Off-White™ channel hops through TV culture
This season, Virgil Abloh follows a stream of designers tapping into the digitally reliant world of today with a first-time co-ed collection feeling as present as ever.
Last week, Off-White™’s founder and creative director, Virgil Abloh, teased the brand’s upcoming SS21 show with a refreshingly non-cryptic statement: “Think personal connections through a public platform,” he said. “Connecting the dots of distance through a global language. Linking up, even though we may be thousands of miles apart.” Abloh’s latest collection, presented yesterday, honed in on the complex shift in interface over the past year, where the world-at-large has become reliant on technological advances to find new ways of staying connected, whether through work or play.
The main event of Off-White™’s collection reveal was “Imaginary TV” – a globally-interconnected digital event featuring an interactive forum of television-style channels. In attendance, Abloh’s friends and collaborators, like NTS DJ Ash Lauryn, dancer Letizia Galloni and artist Prince Gyasi, who performed in surveillance mini-shows covering visual art, theatre, skating, DJ sets and graffiti. With entertainment outside the confines of our four walls grinding to a screeching halt, Abloh’s vision of a dystopian TV set-up seemed like a considered take on the rise in square-eyed entertainment over the past year – Brits alone have spent 40 per cent of their waking hours watching TV. It’s a bitter pill to swallow, but our escapism has been limited to the box, Netflix, Amazon Prime, and so forth.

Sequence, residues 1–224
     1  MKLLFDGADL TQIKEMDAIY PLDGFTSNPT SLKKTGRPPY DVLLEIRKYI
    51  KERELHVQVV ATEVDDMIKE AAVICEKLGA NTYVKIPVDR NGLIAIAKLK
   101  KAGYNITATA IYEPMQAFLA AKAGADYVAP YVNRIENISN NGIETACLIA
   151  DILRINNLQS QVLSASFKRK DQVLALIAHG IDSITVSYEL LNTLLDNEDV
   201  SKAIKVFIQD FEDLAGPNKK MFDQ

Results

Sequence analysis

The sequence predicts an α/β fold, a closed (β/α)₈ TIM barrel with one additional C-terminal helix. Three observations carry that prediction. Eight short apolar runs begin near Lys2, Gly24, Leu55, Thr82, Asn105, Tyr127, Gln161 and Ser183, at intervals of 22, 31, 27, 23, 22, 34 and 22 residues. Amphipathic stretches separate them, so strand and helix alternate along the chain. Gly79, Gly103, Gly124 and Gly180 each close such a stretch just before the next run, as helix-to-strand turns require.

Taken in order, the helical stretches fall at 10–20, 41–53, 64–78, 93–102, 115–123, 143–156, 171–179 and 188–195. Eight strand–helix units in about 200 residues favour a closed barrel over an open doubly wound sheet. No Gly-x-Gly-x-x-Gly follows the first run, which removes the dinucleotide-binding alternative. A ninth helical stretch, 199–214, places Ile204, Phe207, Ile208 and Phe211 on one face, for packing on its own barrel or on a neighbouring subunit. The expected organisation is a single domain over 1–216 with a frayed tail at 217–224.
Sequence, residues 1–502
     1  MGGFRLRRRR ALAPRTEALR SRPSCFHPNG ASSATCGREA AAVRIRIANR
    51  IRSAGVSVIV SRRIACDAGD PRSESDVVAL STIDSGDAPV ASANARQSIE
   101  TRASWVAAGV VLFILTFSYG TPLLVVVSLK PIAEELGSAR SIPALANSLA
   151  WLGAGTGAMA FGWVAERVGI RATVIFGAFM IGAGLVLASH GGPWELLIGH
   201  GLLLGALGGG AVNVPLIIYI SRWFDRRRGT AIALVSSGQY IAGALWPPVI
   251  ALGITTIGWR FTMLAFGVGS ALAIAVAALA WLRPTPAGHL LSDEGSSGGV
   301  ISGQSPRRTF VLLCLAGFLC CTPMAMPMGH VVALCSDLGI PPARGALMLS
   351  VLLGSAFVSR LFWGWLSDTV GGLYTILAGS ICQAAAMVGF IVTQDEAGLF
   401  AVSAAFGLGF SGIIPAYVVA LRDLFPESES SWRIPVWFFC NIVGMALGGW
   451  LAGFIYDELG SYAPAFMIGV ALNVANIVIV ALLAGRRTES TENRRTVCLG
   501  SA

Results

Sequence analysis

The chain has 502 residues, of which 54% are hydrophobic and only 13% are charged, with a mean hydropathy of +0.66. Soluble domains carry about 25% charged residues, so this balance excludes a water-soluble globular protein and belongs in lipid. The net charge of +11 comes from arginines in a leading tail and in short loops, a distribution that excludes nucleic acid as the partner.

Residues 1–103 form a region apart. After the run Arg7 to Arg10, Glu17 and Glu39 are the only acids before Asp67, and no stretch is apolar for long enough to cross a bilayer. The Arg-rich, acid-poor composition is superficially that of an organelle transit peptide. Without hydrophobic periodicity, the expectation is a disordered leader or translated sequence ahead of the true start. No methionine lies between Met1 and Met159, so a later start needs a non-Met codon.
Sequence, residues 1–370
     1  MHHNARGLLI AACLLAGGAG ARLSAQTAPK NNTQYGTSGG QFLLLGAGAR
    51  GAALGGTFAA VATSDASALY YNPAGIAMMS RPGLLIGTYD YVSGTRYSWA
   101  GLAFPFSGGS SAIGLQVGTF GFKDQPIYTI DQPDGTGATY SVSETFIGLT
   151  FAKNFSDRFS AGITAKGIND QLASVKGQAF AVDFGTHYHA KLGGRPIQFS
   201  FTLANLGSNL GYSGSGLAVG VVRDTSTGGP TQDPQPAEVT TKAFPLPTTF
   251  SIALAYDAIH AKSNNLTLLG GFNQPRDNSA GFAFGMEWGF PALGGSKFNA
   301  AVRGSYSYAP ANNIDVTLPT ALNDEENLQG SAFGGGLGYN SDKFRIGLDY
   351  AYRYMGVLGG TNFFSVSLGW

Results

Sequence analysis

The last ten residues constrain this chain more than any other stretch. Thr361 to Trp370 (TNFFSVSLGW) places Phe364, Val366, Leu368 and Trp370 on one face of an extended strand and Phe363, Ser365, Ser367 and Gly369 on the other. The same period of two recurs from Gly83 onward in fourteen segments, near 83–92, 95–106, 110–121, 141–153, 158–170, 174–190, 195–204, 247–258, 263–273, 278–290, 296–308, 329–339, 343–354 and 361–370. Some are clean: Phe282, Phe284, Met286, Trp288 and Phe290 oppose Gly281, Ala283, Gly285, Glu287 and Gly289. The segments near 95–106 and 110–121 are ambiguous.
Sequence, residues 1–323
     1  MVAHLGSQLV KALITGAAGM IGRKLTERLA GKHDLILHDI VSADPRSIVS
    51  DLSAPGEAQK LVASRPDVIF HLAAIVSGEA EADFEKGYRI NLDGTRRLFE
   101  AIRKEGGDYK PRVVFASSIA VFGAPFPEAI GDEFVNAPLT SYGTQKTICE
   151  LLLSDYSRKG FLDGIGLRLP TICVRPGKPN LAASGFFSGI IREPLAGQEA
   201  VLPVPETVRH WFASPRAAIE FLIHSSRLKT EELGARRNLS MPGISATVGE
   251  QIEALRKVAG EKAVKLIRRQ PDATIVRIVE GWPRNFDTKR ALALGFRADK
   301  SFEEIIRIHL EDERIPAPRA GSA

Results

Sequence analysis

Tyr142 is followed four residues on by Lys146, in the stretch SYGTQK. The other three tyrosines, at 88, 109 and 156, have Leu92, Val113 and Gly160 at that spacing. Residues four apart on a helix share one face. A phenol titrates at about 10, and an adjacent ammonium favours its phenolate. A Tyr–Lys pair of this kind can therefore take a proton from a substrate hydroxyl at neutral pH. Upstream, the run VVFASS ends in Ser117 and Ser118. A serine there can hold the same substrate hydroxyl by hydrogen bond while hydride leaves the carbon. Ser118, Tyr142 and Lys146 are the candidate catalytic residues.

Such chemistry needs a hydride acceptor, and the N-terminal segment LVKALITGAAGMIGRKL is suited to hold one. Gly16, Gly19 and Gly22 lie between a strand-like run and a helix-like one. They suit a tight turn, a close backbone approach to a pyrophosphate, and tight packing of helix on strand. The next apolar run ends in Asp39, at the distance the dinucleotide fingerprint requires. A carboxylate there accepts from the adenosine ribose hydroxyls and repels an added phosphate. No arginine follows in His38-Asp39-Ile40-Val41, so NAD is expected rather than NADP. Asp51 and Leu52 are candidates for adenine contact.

But Abloh’s inclination to champion inclusivity as well as industry and consumer interaction was considered throughout. In the digital space, onlookers could witness the range of artistic practices coming together as one, like merging luxury fashion with fringe cultures – a kid spray painting a white van, another skating on a ramp, and a shadowboxing performance. The collection itself merged menswear and womenswear for the first time, further fuelling an industry-wide question mark on the need for gender-dividing collections.
While “Imaginary TV” provided a viewing platform, the 44-look collection, titled Adam is Eve, was a mature response to a seemingly never-ending lack of daily structure, told through tailoring. Blazers were in abundance for men and women, in buttery brown leather or bright canary yellow. The cut, length and volume of sharp shoulders and heavy lapels felt fluid, while interchangeable elements, like unisex shirts and skirts, were an optimistic nod. Abloh sticks to block colours throughout, with prints appearing only to accentuate the flourish and movement of a plunging shirt or cinched in jacket. Further bringing it to the present was the addition of co-ord facemasks fashioned as triangular bandanas, blending in with their lilac, mint and jet black pieces.
This collection marks the brand’s initial dive into a see-now-buy-now regime, with selected pieces already available at off-white.com and luxury online retailer, Farfetch. It’s a move luxury labels have toyed with for quite some years, improving luxury-to-customer feasibility and, potentially, waste. “This delivery-staggering demonstrates Off-White™’s disruptive new business model of presenting collections and immediately following these unveilings with the first drop,” the show notes suggest, “whereby the rest of the lineup is released throughout the season.”
Abloh has long had his eyes on the far-facing future, breaking moulds through forms of conceptual design or streamlining political ideas. But today’s online event brings things closer to the present, as he follows a stream of designers tapping into the monotony of daily reality. The pandemic, lockdown and all that it has brought along with it, is a common thread and a sense of newness that we’re still attempting to adjust to. This collection, and its accompanying platform, is just as relevant to the current state of affairs as any of Abloh’s previous statements on the world.